Such joy is not dependent upon happy circumstances. Our joy as followers of Jesus Christ is rooted in God’s love, God’s incredible, never-give-up-on-us-ever, no-not-ever love. That’s the heart of our gospel, our good news. God’s love is always reaching out to us in Jesus Christ. The grace of Jesus Christ is to be found around every corner. This love is strong. This love is deep. This love’s purposes cannot finally be defeated. In the words of Paul, For I am convinced that neither death, nor life, nor angels, nor rulers, nor things present, nor things to come, nor powers, nor height, nor depth, nor anything else in all creation, will be able to separate us from the love of God in Christ Jesus our Lord. (Romans 8:38-39)
Because our lives are rooted and grounded in this love of God, our basic stance in life is one of joy, the joy of a large heart that is able at any one time to hold a range of emotions. This is the joy of an open heart, a heart that does not live in fear of life, but is open to creativity, curiosity, adventure. This is the joy of a compassionate heart, a heart that sees and feels the hurt and pain and destruction we find in the world and though sorrowful, responds energetically as best it can to bring hope and healing and new life.
We are a people of joy. The joy of the Lord is our strength. With joy we draw water out of the wells of salvation. The well of God’s love is deep, and we draw buckets of joy. We are people in whom the Spirit of God is at work, and when the Spirit is at work, one of the fruits is joy.
The first sermon I preached here in Michigan as your bishop was a sermon I preached three times at three welcome events. Some of you may have attended one of them. I’m not going to ask you to raise your hands. In that sermon, I said that I hoped four watermarks would characterize our time together as Michigan United Methodists. Watermarks – you know, those marks that are found embedded in high quality paper, marks you still write over to tell your story, but that are always in the background of what you write. I said that I would like joy to be one of the watermarks of our time together. I quoted the poet Wendell Berry, “be joyful, though you have considered all the facts.” I love that line, and I think the truth behind it is that we can be joyful as Christians because among the “facts” in our lives is the fact of God’s incredible, never-give-up-on-us-ever, no-not-ever love.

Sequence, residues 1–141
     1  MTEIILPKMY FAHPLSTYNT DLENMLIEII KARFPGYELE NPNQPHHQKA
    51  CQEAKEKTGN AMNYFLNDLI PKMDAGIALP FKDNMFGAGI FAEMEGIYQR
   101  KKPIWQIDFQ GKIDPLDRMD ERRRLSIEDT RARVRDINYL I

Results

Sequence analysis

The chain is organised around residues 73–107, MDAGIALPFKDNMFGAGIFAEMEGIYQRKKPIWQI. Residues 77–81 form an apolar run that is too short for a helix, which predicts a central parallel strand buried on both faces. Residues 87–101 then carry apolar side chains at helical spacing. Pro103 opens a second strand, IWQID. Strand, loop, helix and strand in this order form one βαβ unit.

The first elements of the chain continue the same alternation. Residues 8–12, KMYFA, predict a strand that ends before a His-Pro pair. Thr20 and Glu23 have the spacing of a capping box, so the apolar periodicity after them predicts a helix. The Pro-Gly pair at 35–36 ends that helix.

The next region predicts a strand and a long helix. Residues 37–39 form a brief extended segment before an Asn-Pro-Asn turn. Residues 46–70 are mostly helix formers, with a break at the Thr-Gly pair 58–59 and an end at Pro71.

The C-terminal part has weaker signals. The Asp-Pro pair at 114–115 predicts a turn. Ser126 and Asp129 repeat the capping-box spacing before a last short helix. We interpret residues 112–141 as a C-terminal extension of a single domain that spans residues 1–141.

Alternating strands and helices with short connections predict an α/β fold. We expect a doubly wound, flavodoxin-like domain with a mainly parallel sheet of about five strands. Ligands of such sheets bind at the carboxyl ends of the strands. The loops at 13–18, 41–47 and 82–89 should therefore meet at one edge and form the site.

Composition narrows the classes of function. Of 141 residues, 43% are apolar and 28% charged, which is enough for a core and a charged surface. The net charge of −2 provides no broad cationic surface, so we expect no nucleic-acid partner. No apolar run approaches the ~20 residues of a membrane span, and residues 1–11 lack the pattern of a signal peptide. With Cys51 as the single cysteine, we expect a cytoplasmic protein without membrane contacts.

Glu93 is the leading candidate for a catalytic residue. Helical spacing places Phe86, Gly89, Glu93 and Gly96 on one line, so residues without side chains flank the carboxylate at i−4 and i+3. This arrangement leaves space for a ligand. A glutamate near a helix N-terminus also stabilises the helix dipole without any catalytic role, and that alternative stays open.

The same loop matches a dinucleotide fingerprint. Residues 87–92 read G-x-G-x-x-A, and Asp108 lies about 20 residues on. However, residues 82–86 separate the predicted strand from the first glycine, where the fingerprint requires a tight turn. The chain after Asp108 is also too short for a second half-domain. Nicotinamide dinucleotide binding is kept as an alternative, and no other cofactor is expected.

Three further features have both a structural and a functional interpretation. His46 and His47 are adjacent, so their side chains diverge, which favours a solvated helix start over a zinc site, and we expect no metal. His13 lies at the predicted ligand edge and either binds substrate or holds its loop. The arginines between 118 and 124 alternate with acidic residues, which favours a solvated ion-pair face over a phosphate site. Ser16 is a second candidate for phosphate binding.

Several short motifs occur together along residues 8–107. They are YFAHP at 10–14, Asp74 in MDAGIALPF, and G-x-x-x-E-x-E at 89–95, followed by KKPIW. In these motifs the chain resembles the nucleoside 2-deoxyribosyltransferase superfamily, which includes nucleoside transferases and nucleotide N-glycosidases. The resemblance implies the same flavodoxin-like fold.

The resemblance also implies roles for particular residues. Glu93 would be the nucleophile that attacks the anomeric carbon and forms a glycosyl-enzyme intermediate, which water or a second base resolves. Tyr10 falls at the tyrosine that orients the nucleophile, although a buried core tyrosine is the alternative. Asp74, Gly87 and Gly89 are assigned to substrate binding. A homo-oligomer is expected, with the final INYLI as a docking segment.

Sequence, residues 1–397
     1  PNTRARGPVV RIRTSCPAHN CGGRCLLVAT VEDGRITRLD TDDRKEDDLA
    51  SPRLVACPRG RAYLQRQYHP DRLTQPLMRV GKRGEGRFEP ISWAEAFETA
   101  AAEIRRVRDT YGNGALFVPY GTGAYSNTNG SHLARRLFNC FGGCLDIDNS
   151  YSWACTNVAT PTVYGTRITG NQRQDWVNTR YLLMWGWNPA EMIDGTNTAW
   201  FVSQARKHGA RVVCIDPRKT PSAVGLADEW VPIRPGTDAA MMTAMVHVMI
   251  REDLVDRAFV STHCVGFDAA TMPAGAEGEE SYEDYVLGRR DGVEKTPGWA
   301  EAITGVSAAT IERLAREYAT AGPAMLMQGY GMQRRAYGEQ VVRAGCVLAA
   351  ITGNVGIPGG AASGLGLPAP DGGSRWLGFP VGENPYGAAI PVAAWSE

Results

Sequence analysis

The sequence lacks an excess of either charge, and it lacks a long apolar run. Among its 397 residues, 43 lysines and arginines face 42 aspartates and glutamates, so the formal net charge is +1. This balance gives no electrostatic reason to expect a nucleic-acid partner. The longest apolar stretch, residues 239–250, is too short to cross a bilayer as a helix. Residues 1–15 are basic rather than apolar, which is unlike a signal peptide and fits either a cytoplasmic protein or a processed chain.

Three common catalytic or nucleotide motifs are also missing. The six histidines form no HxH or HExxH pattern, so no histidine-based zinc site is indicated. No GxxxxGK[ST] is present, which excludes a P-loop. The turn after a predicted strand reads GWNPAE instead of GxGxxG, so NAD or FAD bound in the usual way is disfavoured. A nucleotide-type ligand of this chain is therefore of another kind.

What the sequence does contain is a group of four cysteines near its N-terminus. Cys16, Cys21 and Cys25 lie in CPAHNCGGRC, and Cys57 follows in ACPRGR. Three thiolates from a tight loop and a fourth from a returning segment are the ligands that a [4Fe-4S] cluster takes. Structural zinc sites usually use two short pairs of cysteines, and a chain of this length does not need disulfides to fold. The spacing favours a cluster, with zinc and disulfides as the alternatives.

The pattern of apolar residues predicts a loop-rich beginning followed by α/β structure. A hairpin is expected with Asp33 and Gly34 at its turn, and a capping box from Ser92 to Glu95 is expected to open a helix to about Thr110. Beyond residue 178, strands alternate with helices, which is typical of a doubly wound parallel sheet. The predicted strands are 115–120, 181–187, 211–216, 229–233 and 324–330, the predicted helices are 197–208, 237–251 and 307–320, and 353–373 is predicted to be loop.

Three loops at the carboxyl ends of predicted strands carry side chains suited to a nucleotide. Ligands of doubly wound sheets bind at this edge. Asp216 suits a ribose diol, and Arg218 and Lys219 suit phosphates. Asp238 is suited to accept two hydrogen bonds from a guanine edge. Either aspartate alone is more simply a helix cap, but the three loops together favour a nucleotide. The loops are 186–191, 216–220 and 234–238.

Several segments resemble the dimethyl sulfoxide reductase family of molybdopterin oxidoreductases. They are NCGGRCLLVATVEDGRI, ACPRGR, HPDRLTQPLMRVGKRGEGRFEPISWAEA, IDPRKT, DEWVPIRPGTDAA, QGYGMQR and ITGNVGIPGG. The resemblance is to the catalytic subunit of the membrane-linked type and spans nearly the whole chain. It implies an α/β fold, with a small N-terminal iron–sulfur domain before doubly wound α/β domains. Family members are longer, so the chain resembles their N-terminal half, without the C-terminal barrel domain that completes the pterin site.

So though the world is torn by hatred and war and violence in too many places, be joyful though you have considered all the facts, and let the joy of the Lord be a strength to build justice and peace and reconciliation.
Though too many children go to be hungry, or go unvaccinated, or are left on the streets to fend for themselves, be joyful though you have considered all the facts, and let the joy of the Lord be a strength to act courageously and compassionately to heal a broken world.
Though the human beings can be cruel toward one another, be joyful though you have considered all the facts, and let the joy of the Lord be a strength to love.
Though our evangelistic witness has been hampered by the way some who name Jesus live in ways that don’t very adequately embody the spirit of Jesus, be joyful though you have considered all the facts, and let the joy of the Lord be a strength to humbly and kindly share the good news of God’s love in Jesus.
And when our hearts are joyfully open and large, we are also better able to see the wonder and beauty in the world, places where God’s grace shines through so amazingly – a sunrise or sunset over a great lake, the sounds of beautiful music, the colors in a work of art, the kindness of an embrace, the gentleness of human touch.
God’s Spirit continue to work within each of us to enlarge and open our hearts in joy. The joy of the Lord is our strength, and we’ve got buckets of it. Amen.